February 10, 2016

Maybe they don’t like the hit ABC sitcom, the Goldbergs, in New Hampshire.

Pity. Avid viewers know the key life lesson, often repeated by the show’s patriarch: “Don’t be a moron.”

It’s nicely succinct and encompasses a whole range of possibilities. As Murray Goldberg explains in a recent episode, at its core, it means to be honest.

I was thinking of the advice last night as I watched the returns come in from New Hampshire. I was hoping New Hampshire voters would adhere to Murray’s dictum.

They didn’t. But in the spirit of Mur, let’s be succinct and honest:

Donald Trump doesn’t belong within a 20-mile radius of the White House, let alone making decisions from the Oval Office. His campaign has been one long temper tantrum, a vulgar and debased form of electioneering that is unworthy of one of our great political parties and the American people he seeks to lead.

Let’s stipulate that people are angry and that there are justifiable reasons for their anger: structural changes in the economy that have been decades in the making, stagnating wages and underemployment, growing inequality, terrorism abroad and at home, government dysfunction in DC, racial discord and animus.

Let’s further stipulate that our political culture has grown coarse and somewhat hysterical on purpose. We live in a degenerate era of democracy where conspiracy and profit-minded demagogues can incite the mob each day and night on radio and television for ratings.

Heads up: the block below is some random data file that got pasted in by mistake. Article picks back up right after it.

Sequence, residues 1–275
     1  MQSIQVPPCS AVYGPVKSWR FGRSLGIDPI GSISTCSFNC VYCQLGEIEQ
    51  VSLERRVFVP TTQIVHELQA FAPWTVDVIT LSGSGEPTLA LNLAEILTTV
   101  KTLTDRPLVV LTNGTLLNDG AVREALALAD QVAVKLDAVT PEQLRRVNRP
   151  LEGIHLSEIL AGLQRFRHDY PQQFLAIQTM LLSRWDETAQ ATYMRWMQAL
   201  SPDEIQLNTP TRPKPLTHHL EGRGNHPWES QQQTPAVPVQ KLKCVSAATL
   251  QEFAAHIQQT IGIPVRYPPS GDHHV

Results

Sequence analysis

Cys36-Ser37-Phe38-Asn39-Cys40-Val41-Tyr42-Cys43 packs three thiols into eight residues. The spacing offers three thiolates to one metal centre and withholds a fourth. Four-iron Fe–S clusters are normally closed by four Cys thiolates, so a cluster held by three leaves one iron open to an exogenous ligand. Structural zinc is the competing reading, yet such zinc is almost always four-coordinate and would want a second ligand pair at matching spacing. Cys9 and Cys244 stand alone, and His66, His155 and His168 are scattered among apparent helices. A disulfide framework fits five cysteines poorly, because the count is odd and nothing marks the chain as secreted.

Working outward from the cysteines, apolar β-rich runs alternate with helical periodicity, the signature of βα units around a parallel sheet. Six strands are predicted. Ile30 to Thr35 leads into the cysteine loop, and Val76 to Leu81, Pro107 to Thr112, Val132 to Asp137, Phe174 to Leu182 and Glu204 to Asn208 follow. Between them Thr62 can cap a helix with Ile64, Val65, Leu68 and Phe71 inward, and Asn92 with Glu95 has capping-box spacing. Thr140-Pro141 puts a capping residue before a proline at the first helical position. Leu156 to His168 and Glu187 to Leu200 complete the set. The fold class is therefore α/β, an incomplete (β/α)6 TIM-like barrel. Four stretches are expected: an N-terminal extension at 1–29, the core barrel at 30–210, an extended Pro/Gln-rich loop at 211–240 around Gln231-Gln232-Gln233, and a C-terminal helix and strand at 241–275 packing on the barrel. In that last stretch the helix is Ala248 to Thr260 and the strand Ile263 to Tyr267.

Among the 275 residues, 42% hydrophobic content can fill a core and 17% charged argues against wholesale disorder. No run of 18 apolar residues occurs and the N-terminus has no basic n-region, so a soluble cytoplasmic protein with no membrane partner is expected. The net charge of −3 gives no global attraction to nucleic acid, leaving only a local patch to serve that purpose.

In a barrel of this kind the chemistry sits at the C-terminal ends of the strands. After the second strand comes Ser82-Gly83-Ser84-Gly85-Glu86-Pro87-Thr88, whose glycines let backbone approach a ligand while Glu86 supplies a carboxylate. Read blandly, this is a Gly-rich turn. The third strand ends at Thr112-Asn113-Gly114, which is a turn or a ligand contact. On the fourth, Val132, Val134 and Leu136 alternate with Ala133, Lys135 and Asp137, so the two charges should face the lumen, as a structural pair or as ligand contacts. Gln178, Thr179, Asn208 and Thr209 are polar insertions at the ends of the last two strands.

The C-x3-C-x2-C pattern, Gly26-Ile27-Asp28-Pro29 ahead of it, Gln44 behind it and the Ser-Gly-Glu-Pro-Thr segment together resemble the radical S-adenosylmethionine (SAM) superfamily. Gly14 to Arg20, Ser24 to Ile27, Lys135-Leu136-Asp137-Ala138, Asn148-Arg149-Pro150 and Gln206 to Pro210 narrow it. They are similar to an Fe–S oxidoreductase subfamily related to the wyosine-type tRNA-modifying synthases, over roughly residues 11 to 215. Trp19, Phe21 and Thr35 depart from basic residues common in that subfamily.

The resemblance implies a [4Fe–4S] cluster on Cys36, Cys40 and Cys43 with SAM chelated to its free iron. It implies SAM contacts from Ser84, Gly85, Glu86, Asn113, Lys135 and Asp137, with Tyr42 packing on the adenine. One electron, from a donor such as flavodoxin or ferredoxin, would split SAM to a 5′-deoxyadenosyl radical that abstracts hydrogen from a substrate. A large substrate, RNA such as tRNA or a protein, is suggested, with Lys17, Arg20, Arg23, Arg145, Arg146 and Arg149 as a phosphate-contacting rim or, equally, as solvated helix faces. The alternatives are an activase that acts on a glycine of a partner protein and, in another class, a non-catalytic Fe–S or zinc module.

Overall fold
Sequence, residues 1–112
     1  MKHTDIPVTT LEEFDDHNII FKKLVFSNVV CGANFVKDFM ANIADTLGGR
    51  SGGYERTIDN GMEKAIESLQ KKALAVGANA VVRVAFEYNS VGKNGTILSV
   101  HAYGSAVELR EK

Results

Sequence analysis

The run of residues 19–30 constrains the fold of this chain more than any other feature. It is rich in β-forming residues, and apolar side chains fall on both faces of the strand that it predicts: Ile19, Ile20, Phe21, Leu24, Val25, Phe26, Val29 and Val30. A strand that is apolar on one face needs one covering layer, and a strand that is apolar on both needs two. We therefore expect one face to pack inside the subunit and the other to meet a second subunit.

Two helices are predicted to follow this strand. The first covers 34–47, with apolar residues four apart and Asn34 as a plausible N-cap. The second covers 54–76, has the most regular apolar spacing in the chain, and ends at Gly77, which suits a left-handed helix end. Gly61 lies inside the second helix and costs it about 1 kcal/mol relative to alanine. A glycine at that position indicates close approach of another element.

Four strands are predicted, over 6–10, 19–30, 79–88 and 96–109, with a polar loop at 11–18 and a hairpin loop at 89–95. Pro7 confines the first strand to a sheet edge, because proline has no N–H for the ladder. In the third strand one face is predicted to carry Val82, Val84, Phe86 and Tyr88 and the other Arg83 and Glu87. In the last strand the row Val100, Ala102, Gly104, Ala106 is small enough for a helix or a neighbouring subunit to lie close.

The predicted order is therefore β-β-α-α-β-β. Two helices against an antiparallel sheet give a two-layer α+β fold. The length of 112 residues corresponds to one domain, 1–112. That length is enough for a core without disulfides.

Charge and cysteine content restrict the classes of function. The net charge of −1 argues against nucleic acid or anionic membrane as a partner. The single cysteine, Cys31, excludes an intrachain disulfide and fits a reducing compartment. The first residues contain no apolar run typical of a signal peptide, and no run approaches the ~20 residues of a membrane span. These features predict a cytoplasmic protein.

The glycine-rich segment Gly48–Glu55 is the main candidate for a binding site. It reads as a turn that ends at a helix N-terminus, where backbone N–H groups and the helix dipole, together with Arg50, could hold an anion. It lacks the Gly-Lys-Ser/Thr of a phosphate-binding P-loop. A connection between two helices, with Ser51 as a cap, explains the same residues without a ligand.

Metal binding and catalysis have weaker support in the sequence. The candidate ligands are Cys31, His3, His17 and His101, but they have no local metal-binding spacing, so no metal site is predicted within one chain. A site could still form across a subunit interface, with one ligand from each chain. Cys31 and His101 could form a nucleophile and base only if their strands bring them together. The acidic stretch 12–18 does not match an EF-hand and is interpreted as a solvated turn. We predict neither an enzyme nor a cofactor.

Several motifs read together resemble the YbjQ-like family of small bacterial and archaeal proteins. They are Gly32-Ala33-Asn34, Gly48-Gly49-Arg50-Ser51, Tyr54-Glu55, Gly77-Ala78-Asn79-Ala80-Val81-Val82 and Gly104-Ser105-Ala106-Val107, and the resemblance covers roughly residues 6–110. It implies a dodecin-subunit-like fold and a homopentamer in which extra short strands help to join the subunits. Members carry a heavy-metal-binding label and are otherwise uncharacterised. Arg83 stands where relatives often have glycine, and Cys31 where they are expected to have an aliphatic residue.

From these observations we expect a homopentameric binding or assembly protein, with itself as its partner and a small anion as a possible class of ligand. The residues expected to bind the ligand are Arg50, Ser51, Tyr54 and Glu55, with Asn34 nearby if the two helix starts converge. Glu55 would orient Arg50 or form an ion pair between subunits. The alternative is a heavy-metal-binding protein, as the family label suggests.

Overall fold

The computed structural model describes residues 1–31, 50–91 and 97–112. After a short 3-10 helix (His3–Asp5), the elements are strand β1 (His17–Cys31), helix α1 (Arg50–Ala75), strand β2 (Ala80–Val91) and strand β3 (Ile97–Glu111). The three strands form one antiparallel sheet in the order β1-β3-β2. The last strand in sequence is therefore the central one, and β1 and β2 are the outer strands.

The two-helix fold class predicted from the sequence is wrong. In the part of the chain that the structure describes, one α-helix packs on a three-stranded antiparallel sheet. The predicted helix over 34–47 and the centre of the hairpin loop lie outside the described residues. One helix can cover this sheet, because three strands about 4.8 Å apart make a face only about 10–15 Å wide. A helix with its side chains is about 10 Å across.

Real anxiety meets souped-up anger in the America of 2016. The mob ignores any facts that doesn’t match its rage (here’s one: 71 consecutive months of job growth).

Into this cauldron steps Donald Trump, possibly the first Twitter troll President. He speaks with the sophomoric cadence of an adult who missed the maturation process but finds in his insults and profanity the soothing balm of public adulation.

Some who attend his rallies delight in the ugliness he’s unleashed. So when a grown person, at a rally in Manchester Monday night, called a Trump competitor a vulgarity, the prospective Twitter troll in Chief exulted in the opportunity to repeat the word. Many in the crowd cheered, though not all.

There were families with children at that Trump rally. One wonders if the full horror of what they were there to celebrate finally dawned on these supporters.

Their hero scraps the bottom of the barrel in his pursuit of power he doesn’t deserve and would dangerously wield.

New Hampshire voters could have ended this nightmare for the Republican party. Instead, they chose to lengthen it. Their party, once home to Reagan’s morning in America is, under Trump, ushering in one long, dark night.

Let’s hope voters elsewhere are listening to Murray Goldberg.

New Hampshire primary, The Goldbergs, Donald Trump, 2016 Election

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